As I look forward to starting school up again, I'm considering what changes might need to be made. For one thing, my girls need a bit more supervision in their school work. I have not been as on top of everything as I should, so we're behind and have some catching up to do.
Our Charlotte Mason co-op went well last semester, so Sara and I are considering adding more to it. She asked if we might like to learn Latin together, and perhaps add in Plutarch. Her boys love Plutarch, but we tend to forget to do it, so that would work out really well, I think. I would also love to have someone else helping with Latin. I'm a little intimidated to teach it, which is why we haven't started before now.
One thing that's on my heart is reading more poetry. We need to read a poem every day, but we have not been doing that. We studied Emily Dickinson in our little co-op, and that was wonderful. It helped me see that poetry doesn't have to be hugely complicated or hard. I found this great poem by Billy Collins on the Poetry 180 website:
Introduction to Poetry
I ask them to take a poem
and hold it up to the light
like a color slide
or press an ear against its hive.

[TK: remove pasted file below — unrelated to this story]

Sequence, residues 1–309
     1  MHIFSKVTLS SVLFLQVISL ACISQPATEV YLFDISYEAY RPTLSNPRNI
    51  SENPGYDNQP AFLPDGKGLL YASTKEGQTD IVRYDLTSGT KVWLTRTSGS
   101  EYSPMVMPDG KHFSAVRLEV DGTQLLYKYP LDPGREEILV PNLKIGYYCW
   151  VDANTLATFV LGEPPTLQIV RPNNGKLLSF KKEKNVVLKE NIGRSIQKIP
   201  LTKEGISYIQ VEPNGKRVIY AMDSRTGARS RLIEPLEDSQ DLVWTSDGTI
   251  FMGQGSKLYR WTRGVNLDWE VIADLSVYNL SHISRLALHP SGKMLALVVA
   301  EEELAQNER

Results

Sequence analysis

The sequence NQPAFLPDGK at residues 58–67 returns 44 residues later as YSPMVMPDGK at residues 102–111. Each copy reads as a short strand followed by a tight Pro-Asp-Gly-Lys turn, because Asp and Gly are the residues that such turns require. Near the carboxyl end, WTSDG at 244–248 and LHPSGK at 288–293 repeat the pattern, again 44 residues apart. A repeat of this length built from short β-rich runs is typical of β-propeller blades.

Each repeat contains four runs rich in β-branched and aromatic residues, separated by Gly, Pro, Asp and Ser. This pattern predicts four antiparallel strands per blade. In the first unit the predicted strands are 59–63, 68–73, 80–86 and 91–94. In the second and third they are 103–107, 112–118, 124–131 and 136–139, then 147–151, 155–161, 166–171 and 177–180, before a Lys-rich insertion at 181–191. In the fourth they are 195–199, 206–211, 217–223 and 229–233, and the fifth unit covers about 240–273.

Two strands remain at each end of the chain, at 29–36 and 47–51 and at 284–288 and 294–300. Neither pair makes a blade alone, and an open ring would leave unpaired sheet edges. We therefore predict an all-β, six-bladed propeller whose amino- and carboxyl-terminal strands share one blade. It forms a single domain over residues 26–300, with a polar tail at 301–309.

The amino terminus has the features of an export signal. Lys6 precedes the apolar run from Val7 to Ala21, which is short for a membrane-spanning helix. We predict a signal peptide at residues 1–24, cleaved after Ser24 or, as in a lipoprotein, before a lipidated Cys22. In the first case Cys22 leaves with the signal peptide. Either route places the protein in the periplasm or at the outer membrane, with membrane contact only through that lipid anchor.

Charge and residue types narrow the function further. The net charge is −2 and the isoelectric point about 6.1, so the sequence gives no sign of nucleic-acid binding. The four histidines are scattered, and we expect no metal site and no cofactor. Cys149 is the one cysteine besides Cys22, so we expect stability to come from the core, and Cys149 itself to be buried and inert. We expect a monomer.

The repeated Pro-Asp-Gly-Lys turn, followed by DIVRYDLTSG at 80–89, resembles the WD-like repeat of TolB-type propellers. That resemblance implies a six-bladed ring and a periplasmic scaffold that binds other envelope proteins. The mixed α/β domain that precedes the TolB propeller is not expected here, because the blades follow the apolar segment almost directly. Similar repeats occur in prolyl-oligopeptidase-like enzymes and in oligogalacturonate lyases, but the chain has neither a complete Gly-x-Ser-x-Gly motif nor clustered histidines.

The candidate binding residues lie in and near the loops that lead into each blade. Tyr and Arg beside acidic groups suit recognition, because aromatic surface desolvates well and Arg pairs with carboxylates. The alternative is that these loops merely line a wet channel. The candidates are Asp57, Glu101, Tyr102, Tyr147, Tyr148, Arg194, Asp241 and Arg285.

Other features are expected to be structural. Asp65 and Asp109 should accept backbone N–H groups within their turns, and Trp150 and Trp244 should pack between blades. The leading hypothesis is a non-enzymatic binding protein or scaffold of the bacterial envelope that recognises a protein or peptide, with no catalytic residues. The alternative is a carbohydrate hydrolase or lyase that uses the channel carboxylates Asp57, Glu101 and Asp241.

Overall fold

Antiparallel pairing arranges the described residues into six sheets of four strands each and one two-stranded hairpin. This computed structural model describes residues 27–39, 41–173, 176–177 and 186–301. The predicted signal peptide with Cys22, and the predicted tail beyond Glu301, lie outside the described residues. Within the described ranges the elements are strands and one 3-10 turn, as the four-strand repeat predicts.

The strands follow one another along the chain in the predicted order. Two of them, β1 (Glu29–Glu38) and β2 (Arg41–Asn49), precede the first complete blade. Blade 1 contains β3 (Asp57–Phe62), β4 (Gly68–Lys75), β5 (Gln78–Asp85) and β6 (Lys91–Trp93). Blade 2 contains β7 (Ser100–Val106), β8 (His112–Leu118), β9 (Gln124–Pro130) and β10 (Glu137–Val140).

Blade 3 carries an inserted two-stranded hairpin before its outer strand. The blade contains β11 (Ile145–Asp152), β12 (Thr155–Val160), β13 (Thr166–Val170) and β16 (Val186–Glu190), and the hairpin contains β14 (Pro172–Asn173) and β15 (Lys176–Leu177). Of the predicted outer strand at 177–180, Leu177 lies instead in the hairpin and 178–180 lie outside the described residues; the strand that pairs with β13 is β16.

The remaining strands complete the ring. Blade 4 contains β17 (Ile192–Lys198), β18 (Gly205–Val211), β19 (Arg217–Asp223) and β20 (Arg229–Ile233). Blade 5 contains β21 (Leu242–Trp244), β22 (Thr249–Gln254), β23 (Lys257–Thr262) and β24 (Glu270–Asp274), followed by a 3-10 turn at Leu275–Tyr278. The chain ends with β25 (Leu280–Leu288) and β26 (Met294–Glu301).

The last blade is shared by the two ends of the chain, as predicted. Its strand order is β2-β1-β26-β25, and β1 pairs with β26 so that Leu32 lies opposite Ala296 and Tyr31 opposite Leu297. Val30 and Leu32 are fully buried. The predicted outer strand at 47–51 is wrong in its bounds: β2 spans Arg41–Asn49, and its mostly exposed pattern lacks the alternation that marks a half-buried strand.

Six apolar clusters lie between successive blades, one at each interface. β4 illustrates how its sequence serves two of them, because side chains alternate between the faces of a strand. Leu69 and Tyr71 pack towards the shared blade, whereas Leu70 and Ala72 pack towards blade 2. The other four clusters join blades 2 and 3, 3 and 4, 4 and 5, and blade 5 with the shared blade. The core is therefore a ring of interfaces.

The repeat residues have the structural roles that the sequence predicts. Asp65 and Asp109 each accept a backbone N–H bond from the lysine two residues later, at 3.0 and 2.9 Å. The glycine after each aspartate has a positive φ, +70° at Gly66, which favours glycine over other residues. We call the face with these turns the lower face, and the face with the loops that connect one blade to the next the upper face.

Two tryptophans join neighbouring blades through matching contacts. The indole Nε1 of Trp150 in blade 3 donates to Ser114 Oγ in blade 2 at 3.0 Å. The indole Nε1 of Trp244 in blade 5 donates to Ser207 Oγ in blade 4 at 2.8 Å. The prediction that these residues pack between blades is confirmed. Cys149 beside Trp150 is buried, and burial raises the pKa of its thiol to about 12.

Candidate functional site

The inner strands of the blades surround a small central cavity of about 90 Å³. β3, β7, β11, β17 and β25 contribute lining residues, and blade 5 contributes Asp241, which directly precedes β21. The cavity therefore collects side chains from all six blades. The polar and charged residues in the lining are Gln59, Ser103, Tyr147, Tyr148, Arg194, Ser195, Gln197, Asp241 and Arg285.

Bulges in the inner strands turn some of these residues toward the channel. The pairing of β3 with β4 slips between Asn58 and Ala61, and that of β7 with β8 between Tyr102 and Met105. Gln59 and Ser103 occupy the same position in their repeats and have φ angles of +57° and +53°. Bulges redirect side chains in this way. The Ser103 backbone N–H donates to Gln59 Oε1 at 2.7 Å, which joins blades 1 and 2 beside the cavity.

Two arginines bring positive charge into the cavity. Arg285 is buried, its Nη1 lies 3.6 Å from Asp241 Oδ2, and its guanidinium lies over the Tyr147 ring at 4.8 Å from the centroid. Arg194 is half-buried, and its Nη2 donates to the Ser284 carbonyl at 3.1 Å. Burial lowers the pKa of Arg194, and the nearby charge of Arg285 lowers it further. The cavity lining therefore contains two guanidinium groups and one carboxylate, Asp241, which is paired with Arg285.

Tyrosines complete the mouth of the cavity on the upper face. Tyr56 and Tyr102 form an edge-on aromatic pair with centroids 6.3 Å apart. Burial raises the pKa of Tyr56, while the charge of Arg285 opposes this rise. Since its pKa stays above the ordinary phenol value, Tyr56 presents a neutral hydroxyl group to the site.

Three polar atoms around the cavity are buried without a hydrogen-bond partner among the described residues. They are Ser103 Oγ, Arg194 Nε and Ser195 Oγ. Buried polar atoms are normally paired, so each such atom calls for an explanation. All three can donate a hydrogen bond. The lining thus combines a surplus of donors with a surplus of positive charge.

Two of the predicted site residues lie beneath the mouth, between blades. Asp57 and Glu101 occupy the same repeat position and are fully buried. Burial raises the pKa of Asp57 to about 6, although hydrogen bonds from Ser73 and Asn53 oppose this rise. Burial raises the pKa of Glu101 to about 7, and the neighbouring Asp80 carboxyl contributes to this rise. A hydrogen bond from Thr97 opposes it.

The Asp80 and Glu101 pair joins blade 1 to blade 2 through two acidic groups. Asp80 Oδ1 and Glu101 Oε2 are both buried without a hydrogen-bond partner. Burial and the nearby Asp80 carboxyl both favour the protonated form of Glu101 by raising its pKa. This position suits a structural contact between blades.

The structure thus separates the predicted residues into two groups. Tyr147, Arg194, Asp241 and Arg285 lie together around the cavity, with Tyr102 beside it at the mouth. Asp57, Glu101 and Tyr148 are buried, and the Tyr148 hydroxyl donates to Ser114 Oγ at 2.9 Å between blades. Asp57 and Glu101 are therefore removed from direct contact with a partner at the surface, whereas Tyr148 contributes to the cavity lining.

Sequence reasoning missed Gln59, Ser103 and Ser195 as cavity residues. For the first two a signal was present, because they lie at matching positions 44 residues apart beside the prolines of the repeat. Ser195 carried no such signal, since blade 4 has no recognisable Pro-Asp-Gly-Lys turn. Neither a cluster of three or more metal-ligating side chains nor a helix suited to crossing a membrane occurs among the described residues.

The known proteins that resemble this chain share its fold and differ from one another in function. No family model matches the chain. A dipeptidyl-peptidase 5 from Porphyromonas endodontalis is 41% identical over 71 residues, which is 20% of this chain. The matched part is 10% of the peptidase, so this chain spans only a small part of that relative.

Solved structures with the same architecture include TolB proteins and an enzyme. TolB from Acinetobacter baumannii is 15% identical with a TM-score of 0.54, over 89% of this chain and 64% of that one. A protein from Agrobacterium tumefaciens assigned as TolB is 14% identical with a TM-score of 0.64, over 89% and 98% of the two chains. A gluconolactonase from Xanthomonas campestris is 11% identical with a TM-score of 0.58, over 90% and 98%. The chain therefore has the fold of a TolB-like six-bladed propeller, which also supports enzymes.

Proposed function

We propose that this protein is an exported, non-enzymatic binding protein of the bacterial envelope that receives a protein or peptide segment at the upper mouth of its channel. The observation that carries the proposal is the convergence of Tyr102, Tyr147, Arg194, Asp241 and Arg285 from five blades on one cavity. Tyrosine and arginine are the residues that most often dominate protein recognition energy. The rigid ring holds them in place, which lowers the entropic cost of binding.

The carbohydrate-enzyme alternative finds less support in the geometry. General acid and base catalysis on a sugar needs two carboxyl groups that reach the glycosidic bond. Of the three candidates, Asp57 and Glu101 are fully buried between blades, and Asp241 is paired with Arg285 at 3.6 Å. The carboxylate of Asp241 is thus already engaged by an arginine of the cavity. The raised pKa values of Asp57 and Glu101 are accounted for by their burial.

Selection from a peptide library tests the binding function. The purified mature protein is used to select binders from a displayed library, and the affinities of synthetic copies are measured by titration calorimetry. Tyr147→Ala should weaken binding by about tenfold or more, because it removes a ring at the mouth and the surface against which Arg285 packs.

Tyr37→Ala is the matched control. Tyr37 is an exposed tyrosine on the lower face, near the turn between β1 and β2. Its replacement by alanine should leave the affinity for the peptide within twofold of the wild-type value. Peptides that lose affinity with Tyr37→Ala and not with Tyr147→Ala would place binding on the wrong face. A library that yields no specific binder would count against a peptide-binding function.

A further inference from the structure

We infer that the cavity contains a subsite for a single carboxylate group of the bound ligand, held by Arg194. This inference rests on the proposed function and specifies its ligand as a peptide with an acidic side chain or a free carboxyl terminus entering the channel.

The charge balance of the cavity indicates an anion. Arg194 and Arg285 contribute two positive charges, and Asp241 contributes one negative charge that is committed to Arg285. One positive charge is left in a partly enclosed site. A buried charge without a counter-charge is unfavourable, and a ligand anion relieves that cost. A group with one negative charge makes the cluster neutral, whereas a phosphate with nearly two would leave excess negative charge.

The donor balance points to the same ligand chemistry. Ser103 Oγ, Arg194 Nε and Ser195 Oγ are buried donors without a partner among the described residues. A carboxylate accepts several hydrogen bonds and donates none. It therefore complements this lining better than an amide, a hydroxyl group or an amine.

I say drop a mouse into a poem
and watch him probe his way out,
or walk inside the poem's room
and feel the walls for a light switch.
I want them to waterski
across the surface of a poem
waving at the author's name on the shore.
But all they want to do
is tie the poem to a chair with rope
and torture a confession out of it.
They begin beating it with a hose
to find out what it really means.
I took an "Introduction to Poetry" in college, in indeed, it did seem as if the instructor wanted us to "beat each poem with a hose" and be able to define every nuance and identify any potential instance of symbolism.
Now, I am not good at literary analysis. I love to read poetry, but I do not enjoy trying to figure out "what the author meant." It's not that I don't like to think; I do. However, I believe Billy Collins' poem, above, describes more accurately how Charlotte Mason would have approached poetry.
She said this:
He should have practice, too, in reading aloud, for the most part, in the books he is using for his term's work. These should include a good deal of poetry, to accustom him to the delicate rendering of shades of meaning, and especially to make him aware that words are beautiful in themselves, that they are a source of pleasure, and are worthy of our honour; and that a beautiful word deserves to be beautifully said, with a certain roundness of tone and precision of utterance. Quite young children are open to this sort of teaching, conveyed, not in a lesson, but by a word now and then. - Vol. 1, p. 127, emphasis mine"Words are beautiful in themselves. . .they are a source of pleasure, and are worthy of our honour." That quote, right there, inspires me to read more poetry with my children, and for myself. We've made a good start with our co-op readings, but I hope to add even more into our homeschool, and our lives. I am not one for New Year's resolutions, but this is one thing I'm determined to do.